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Challenging The Cognitive Distortion of Fortune Telling and HOW TO SOLVE YOUR OWN MURDER by Kristin Perrin


Cover of the book How to Solve Your Own Murder by Kristen Perrin used as a teaching example for the concept of Challenging the cognitive distortion of fortune telling.

When Frances was a teenager, she, along with her two best friends, visited a fortune teller who told her that she would one day be murdered. A year later, one of the two best friends disappeared. The rest of Frances’ life was spent assuming that someone would, in fact, murder her and pre-emptively trying to solve the mystery of who was going to kill her.  As part of her research, Frances kept files on the very private lives of other members of her close-knit community. She frequently called the police, stating that she feared for her life. Big life decisions, like where to hold weddings, were made based purely on the wording of the prophecy. This strained her relationships with family members, from whom she grew estranged. It is, perhaps unsurprisingly, very hard to build trusting connections with other people when you constantly believe that one of them is plotting your demise.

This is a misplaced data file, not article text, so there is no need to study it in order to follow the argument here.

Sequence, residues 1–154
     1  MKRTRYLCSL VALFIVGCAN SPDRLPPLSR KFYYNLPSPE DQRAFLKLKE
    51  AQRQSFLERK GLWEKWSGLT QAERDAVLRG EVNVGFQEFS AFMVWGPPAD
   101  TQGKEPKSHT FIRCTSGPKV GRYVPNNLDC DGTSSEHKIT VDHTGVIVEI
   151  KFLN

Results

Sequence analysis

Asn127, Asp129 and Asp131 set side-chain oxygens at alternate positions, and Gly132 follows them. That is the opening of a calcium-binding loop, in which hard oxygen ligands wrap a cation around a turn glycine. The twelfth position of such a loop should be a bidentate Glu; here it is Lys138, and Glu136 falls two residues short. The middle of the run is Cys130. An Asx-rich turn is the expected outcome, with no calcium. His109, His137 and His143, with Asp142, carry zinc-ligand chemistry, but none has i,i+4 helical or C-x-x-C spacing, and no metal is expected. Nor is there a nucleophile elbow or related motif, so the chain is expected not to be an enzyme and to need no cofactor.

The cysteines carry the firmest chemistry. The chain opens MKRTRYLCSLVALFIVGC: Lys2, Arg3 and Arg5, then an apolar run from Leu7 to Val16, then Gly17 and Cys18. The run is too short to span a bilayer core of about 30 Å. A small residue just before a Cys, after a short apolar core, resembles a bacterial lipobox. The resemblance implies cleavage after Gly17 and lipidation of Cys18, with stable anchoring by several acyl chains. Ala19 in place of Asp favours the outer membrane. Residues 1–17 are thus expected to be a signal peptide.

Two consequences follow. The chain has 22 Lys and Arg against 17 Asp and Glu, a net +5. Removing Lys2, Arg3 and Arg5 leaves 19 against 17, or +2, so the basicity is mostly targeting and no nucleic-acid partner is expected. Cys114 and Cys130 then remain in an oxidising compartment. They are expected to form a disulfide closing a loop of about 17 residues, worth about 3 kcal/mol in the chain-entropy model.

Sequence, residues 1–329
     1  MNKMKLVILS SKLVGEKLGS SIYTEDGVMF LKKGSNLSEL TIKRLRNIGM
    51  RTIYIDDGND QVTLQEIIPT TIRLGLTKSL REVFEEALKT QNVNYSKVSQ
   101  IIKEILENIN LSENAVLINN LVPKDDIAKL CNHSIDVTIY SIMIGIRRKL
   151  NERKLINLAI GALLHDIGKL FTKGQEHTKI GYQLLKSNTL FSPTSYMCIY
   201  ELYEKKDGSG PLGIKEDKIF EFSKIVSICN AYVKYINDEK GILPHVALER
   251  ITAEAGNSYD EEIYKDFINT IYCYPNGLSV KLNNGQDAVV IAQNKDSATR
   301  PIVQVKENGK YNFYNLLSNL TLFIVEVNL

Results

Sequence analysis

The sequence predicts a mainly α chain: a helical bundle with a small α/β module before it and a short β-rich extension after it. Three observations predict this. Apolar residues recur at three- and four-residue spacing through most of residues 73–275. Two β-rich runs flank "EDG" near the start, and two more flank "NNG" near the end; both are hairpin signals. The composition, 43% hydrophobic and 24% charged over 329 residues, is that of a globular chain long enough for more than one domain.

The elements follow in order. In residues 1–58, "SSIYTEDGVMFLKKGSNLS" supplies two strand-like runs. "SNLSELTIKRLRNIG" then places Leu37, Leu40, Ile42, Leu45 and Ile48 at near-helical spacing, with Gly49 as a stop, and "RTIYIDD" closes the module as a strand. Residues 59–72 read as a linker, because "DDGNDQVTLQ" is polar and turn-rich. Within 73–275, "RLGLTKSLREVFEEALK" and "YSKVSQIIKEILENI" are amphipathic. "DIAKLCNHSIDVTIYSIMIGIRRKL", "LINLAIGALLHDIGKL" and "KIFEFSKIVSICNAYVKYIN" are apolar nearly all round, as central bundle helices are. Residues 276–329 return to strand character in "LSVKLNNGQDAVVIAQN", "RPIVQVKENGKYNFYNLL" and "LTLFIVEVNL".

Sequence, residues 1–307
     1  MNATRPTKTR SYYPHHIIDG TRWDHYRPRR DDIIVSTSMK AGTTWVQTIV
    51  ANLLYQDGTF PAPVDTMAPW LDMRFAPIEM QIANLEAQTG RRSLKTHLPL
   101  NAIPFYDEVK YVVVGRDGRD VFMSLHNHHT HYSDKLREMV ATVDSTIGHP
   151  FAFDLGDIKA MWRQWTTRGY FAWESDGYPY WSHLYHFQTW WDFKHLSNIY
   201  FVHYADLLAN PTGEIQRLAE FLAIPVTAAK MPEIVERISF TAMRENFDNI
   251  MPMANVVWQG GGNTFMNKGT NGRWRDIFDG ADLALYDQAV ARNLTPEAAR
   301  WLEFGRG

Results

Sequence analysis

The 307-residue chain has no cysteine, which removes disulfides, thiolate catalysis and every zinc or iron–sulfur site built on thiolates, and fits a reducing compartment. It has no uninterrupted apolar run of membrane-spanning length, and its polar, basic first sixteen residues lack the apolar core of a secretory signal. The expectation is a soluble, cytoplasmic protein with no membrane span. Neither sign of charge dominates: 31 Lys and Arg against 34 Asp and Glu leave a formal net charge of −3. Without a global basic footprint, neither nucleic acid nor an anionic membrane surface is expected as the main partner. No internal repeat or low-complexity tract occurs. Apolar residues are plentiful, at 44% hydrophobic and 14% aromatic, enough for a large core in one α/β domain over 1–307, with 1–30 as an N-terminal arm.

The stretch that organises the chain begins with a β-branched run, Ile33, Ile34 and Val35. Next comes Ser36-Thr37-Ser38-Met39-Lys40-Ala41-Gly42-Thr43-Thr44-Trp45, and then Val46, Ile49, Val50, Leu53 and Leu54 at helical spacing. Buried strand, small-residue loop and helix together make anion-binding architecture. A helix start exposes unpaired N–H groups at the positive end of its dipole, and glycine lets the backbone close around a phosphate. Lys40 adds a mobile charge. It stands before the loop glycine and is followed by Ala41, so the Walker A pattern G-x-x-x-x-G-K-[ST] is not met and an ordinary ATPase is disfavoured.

In short, Frances’ behavior to avoid being murdered gave everyone a motive to kill her.

 

Frances may have set out to have fun with a fortune teller, but she ended up engaging in a cognitive distortion (thinking error) for the rest of her life. The cognitive distortion of fortune telling occurs when a person predicts and truly believes that a negative outcome will occur without realistically assessing the likelihood or other facts. This very common cognitive distortion leads to anxiety and depression.


Challenging or reframing cognitive distortions stops these negative thought patterns from impacting functioning. Here are tips for challenging the cognitive distortion of fortune-telling:

 

Consider Alternatives: Widen your thoughts to include other potential outcomes.

 

Check the Facts: Analyze the info available and assess the chances of the prediction occurring.

 

Stay in the Moment: Make decisions based on the here and now, not the feared future. 

 

Identify Opinions: Value knowledge and truth more than assumptions and guesses.

 

See Shades of Gray: Consider ways the situation is more complex, not just black and white.

 

Evaluate the Source: Assess the reliability of the person who suggested the prediction.


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